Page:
Hi awesome build but can't find anything on the knife and particularly the handle. I want know what u used for handle.

    1 reply

    Hey there buddy. There are some videos below that you can watch to find out a bit more about how I made the handle. This handle has Sambar stag, brass , compressed washers. Glue them all together over the tang and secure with a brass pin (also glued in). Let me know if you want to know more stuff and I can help you make your own. :)

    Great tutuorial, thanks for taking the time to make it. Beautiful work.

    Good design... interesting the steps and instruments in making the sheath... fascinating... seems learnable... lot of good work to it I can see....

    Good design... interesting the steps and instruments in making the sheath... fascinating... seems learnable... lot of good work to it I can see....

    Nice job on the sheath,I would like to know a little more about the blade,looks like a lot of skill went into that as well.Also looks like something I would like to own.

    6 replies

    Hi there the Knife is made from a Bellota hoof file/rasp. Its an old one. The company started back in 1908. Some skill is involved in making a file knife because you need to shape the blade while keeping the file cool, otherwise you will destroy the temper of the steel. The handle is called a "stacked handle" because its made by layering different materials over the tang of the knife. In this case I used Sambar stag for the pommel and white spacers. The other spacers are compressed black paper, brass and dyed silky oak (local tree here). Stacked handles date back a long time to many countries. I know the persians and the greeks made them way back and the americans have continued their popularity.

    I hope this helps you. In future I plan to do a tutorial to help people make one.

    Kind regards


    -Ive made a dozen of so nice knives over the years ,most out of carbon steel,a couple out of damascus,so I know a good knife by site.It normally takes me about six weeks to turn one out(carbon)working on it a couple hours of the evening.I hate to bother you,and I know that cant be your first,do you sell them?I also wanted to ask about the paper as a spacer,I normally make my knives with the scales pinned to the blade with brass,but have seen custom blades in your style done with leather,but this is the first ever ever herd of it being done with paper,if you could tell me the advantage.I either give away,and have sold a few of my knives,I was wondering if there was any way I could see more of your work.No hurry here,just interested,nothing gets my attention like a nice blade,except maybe a nicer gun.

    Here is the first stacked handle knife I have made." frameborder="0" allowfullscreen>

    The woodsman knife is my 5th stacked handle.

    You asked about paper. I like paper because the epoxy used in between layers (See video) soaks into the paper making a hard epoxy disc that is coloured. The red discs in the video above are whats called "spacer material'. You can buy it from knife making websites in all sorts of colours and it is very hard wearing a strong.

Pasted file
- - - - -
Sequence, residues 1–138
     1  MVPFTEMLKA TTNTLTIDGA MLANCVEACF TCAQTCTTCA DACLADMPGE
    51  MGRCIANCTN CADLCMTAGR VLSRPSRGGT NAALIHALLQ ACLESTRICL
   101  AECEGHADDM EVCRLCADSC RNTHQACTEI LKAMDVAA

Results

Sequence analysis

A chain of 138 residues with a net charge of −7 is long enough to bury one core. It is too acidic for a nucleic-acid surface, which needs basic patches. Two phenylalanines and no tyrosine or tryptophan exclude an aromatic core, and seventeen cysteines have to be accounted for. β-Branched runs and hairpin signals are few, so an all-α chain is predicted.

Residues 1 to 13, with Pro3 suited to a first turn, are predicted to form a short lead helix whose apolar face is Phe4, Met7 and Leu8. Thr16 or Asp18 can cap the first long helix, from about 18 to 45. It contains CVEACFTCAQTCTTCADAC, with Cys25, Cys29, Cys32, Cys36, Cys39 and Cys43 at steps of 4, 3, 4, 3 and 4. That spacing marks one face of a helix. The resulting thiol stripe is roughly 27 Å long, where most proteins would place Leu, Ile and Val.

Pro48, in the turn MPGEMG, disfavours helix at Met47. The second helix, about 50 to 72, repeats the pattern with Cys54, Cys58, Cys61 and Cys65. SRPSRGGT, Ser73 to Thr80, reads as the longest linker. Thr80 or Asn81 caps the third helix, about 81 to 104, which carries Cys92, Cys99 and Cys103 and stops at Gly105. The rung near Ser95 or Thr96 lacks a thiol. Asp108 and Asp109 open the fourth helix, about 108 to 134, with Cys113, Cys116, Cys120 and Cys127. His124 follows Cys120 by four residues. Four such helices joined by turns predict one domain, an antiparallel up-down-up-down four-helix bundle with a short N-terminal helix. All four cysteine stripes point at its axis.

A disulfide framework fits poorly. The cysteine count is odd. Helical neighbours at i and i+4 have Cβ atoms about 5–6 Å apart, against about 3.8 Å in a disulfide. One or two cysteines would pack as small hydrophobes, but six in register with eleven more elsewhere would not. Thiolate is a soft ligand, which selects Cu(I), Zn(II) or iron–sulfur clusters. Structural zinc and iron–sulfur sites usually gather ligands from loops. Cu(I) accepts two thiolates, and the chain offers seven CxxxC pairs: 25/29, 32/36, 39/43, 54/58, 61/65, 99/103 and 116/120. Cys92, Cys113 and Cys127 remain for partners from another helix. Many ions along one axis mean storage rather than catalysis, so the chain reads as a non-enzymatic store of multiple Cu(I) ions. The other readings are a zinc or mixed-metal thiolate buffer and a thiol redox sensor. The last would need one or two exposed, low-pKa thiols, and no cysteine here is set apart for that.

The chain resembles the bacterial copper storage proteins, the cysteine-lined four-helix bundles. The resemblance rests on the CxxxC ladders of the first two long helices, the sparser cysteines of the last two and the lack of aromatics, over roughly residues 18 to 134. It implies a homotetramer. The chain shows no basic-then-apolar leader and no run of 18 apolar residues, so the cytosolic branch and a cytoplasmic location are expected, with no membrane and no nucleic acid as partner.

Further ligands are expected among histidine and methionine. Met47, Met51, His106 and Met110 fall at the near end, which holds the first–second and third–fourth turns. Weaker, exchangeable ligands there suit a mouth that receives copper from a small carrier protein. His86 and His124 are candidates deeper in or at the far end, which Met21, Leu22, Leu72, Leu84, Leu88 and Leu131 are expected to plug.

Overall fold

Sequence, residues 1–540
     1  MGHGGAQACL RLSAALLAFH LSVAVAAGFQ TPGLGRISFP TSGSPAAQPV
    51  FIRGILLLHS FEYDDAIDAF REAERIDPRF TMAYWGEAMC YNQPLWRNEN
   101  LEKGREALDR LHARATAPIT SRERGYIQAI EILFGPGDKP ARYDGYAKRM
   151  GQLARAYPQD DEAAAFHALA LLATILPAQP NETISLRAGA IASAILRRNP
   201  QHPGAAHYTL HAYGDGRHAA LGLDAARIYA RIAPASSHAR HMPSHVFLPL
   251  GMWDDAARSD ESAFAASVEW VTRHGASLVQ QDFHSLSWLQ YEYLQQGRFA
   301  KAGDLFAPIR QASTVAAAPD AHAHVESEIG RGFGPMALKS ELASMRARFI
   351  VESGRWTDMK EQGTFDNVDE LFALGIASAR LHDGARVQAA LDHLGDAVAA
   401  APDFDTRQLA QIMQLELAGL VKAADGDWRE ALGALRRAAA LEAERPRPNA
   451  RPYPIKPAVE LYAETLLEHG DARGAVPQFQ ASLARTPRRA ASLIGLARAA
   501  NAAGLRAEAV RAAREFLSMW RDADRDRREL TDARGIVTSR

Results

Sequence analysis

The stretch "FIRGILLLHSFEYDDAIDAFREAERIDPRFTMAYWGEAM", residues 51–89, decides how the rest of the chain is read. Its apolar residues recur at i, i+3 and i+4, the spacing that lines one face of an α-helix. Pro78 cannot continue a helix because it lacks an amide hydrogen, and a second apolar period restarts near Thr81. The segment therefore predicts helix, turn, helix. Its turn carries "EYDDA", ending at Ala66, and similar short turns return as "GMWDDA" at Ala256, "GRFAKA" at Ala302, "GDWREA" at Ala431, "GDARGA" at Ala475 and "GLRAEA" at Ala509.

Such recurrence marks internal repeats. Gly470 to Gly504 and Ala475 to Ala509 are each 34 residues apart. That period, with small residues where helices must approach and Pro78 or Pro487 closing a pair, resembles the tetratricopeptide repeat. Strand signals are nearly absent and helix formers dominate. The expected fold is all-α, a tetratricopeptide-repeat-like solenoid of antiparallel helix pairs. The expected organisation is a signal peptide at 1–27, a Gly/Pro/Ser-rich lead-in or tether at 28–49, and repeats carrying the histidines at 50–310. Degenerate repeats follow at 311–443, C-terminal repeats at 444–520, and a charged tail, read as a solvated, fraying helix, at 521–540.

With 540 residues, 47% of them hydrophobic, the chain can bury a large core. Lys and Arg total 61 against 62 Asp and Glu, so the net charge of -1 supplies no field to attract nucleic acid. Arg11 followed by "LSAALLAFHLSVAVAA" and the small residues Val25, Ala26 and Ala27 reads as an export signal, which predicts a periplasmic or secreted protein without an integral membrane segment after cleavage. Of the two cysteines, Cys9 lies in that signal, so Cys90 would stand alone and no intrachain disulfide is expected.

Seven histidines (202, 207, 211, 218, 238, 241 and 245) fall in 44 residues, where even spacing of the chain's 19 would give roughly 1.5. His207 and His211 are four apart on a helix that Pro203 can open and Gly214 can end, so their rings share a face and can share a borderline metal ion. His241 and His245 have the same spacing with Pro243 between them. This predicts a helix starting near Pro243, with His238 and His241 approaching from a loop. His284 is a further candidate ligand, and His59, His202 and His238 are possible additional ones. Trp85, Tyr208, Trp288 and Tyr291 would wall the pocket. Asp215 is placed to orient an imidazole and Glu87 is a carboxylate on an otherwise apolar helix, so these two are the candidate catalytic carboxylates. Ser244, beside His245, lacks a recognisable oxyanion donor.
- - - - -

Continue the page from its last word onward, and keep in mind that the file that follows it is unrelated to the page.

I would love to see your knives post some pics here if you have them.

    I'm currently working on a website to sell them. Finding time is tricky with a small family to support but I will get there. Just keep swimming just keep swimming.

    Kind regards


    You are very skilled,and look like youre still a young man yet.If you keep it up you are going to do some great things,and your work will command top price,I would like to own one of your blades when you get everything going,while I can still maybe afford one lol,I will check back from time to time to see how things are going.I will try to get my buddy Steve to bring by the last knife I made so I can get a photo for you,like I said earlier,my style is a little different,and Im not as good as you are,but I give it what I got,with what Ive got to give it with.Again Top notch work.

    I am so blown away by the positive feedback I have received on here. All your comments and everyone's have been super encouraging for me and I thank you for that. I will contact you when I have the site up and running and put you first in line for a Powellmade knife. You will like the edge holding ability of them as I normally use powder metallurgy steels. Thank you so much.

    Kind regards


    Nicely done on both knife and sheath. Only a couple things you might want to do different in the future... 1st: use rivets in the top corners of the sheath were the stitching gets the most stress, especially with larger knives. 2nd: punch two slits where the keeper stitches to the sheath and run it BEHIND the leather loop. If you have a very sharp knife, and it looks like this is, it could cut the leather. It also makes the keeper open up wider allowing less drag when removing and less likely to cut the stitching. Oh, one more thing... you mentioned not having unsightly knots in the stitching when coming to the end... back space 3 or 4 holes and them lightly pound it flat... the holes when they shrink will tighten around the stitching and keep it from coming loose, just cut the threads off flush in the back of the sheath. Hope this helps. Again, great work.